Tuesday, November 26, 2013

upcycling that encyclopedia set into a vintage steam-punk lamp


vintage is one style that appeals to most peoples taste. not only will a period piece instantly convey and provoke stories of a time past they just look super cool. because of the high desirability and lack of inventory on everything vintage the cost of product continues to rise and rise. the project before us is about achieving an aged vintage look without breaking the bank.

Supplies needed:
  • set of encyclopedia's
  • paint (white and dark grey)
  • stain (dark walnut)
  • galvanized plumbing flange, rod, and coupling (size is up to you)
  • sandpaper 150grit
  • drywall screws 1 5/8" (course)
  • edison bulb
  • lamp wire about 10' / plug / light socket
  • drill
  • boring bit (1/2")

step 1: acquiring your encyclopedia set
some of you have one in storage waiting to be used for a project like this or perhaps you may have to hit a few yard sales like i did. what ever way for a couple of bucks there's a set out there for you (mine cost $3 bucks).

my yard sale score and jump off for the project $3 bucks

step 2: stacking your set and attaching them together
starting from the last volume in the set screw each one together. set on a solid surface with the last volume first and in sequence screw together one at a time about 4 screws each (be sure to random the pattern so they wont hit each other, diamond/square works well and make sure the screws are long enough to get a good bite 1 5/8" worked for me).  the stack should look like the pic in step one when done.

step 3a: distressing and getting that aged vintage look
the first stage to this process is painting your stack out white. be sure to get all the nooks and cranny's then let dry.
step 3a painting out white

step 3b: dry brush the stack with dark gray
going one direction and using light long strokes dry brush with gray.

Q: what is dry brushing? 

good question and I'm glad you asked. dry brushing is very simple once you dip your brush into paint tamp off all excess paint so the brush isn't loaded with paint.

you don't need to cover the entire area random dark gray throughout the stack goes a long way. let dry

step 3b dry brushing with dark gray

step 3c: dry brushing with dark brown stain
in this step you use the same technique as in step 3b only using your dark stain stain. let dry

step 3c dry brushing with dark stain

step 4: aging and distressing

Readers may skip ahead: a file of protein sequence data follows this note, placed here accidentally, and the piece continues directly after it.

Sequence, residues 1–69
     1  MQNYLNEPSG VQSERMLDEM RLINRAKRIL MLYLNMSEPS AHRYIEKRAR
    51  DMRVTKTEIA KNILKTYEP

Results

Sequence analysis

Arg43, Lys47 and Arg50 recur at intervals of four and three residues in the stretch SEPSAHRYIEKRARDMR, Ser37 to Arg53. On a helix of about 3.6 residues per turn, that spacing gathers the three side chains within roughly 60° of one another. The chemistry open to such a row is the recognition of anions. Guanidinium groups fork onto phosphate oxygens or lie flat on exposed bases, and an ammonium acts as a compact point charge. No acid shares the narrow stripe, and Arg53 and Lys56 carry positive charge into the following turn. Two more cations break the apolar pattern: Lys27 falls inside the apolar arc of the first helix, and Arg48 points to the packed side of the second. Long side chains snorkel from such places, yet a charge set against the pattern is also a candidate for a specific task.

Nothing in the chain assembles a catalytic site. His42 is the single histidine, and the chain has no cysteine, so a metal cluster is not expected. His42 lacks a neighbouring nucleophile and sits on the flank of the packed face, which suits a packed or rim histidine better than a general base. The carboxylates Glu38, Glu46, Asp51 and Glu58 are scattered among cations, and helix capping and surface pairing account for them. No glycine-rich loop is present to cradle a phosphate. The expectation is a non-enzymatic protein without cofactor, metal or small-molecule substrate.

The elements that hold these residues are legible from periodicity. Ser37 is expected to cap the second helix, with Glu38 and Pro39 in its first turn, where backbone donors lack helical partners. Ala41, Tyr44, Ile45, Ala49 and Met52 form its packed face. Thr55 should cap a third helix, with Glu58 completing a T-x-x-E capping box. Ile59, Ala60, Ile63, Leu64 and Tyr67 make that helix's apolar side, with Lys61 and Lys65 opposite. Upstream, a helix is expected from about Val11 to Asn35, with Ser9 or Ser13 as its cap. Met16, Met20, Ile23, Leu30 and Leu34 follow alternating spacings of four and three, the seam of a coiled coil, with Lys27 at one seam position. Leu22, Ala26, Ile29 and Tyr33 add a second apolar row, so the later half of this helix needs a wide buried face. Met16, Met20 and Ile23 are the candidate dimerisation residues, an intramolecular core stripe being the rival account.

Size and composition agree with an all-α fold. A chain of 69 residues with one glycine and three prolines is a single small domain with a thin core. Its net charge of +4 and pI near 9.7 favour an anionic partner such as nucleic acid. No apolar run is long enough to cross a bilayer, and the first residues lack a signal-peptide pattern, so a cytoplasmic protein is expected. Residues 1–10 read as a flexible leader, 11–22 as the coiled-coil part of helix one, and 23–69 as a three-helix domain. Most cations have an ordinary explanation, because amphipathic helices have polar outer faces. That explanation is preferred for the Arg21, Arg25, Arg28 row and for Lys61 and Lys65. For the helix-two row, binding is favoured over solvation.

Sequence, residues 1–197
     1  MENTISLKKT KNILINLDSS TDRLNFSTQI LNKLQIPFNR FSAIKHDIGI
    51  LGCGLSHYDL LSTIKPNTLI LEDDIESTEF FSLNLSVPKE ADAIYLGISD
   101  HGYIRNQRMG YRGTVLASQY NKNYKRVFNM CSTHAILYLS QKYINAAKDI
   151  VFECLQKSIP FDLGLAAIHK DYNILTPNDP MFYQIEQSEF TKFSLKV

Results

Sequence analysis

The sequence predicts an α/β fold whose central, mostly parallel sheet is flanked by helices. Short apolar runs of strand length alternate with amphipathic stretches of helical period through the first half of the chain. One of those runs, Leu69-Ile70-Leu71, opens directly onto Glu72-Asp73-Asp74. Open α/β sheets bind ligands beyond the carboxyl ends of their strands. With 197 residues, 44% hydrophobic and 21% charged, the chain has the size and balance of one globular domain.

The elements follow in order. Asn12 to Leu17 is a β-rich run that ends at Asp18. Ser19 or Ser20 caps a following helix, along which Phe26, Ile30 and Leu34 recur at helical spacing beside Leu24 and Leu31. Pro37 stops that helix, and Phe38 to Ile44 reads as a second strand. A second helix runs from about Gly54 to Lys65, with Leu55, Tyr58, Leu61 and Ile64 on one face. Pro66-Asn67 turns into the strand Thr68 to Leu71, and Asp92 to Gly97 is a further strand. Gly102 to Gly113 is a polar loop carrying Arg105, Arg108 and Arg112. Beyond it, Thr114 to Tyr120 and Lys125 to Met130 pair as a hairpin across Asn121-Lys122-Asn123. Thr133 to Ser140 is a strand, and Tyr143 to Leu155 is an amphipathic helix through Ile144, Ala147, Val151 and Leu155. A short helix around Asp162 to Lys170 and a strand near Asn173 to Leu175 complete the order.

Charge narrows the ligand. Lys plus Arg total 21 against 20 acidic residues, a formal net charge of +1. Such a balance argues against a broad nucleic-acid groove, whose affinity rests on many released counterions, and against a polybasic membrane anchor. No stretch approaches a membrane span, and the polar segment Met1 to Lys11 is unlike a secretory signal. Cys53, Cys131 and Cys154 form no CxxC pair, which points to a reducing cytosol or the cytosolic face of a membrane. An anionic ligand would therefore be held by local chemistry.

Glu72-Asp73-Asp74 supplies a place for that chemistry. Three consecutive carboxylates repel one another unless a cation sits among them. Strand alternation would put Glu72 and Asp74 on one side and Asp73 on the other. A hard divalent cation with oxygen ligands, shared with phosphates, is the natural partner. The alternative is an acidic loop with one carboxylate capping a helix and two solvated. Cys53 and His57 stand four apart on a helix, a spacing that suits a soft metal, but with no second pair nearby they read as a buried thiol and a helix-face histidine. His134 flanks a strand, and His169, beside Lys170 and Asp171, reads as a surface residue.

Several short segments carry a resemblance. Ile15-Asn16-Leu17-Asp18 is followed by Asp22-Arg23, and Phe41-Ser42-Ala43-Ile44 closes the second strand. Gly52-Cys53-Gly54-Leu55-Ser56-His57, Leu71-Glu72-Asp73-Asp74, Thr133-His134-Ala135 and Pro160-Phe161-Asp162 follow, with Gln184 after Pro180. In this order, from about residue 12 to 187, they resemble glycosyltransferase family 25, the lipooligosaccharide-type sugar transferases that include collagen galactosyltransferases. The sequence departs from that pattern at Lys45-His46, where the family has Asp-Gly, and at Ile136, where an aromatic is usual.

with 150 grit sandpaper start distressing your books. you want to get area's that look blotchy first (they sand out pretty easy). the goal is to make them look natural. select other random area's and area's that would be naturally worn down over time (like corners). for corners a file works well if you have one.

NOTE: i used the existing numbers on my set to make them look more authentic. You'll just need to sand a bit more in those areas to bring them out. try not to over dot it...
step 4 distressing and aging
step 4 corners distressed and aged
step 5: drilling the necessary hole through the stack for wiring
this step is by far the hardest but really if you have a long boring bit it's pretty easy. find what you think to be center of your stack and start drilling.

step 5 and what a 1/2" boring bit looks like
step 5 bottom and center of stack

step 6: attaching flange and running wire
on the top of your stack attach your pipe flange (i've chosen 3/4" pipe and hardware) attach flange with 3" deck screws over drilled out hole.

feed wire from bottom up pull enough and attach pipe to flange.

step 6 bottom of stack feeding wire
step 6 attaching flange over bored out center hole
step 6 attaching pipe to flange

step 7: hooking up electrical
it's pretty simple to hook up the electrical to plug and socket positive to positive and negative to negative. assemble the rest of socket and test.

step 7 wire fed up through bottom of stack

step 7 attaching the 2 leads to socket

step 7 socket assembled

step 8: elevating stack to accommodate cord at the bottom
now that the cord is running directly through the center of stack we need to elevate it so the stack sits upright and stable. for this i used 4 3/8" x 3" lag screws one at each corner of stack. once lags are attached place a rubber sticky bumper on each to prevent your project from scratching what ever it may sit on.

step 8 close up of lag and rubber bumper

step 8 view of the elevated stack accommodating the cord

for about $30 bucks worth of material or less depending on what you have laying around the house we have a unique industrial chic with vintage appeal steam-punk lamp. on to the next one...

Wednesday, August 28, 2013

up-cycled pallet primitive American flag

final product

As most people who follow my post know i love to up-cycle and re-purpose whenever possible. This project is no different. We used an old pallet and gave it a bit of funky, primitive, patriotic charm.

Supplies needed:
  • pallet
  • paint (red, white, and blue)
  • 2" paint brush
  • saw (demo saw works best)
  • aluminum roof flashing
  • heavy duty scissors or snips
  • hammer and a few nails

stage 1; decide where to cut your palet.
I wanted to have the overall scale of a rectangle. So i measured my pallet across and it was 40" then measured down about 8 boards and it was 34" so that's where we made our cut @34"

stage 1 determining where to cut the pallet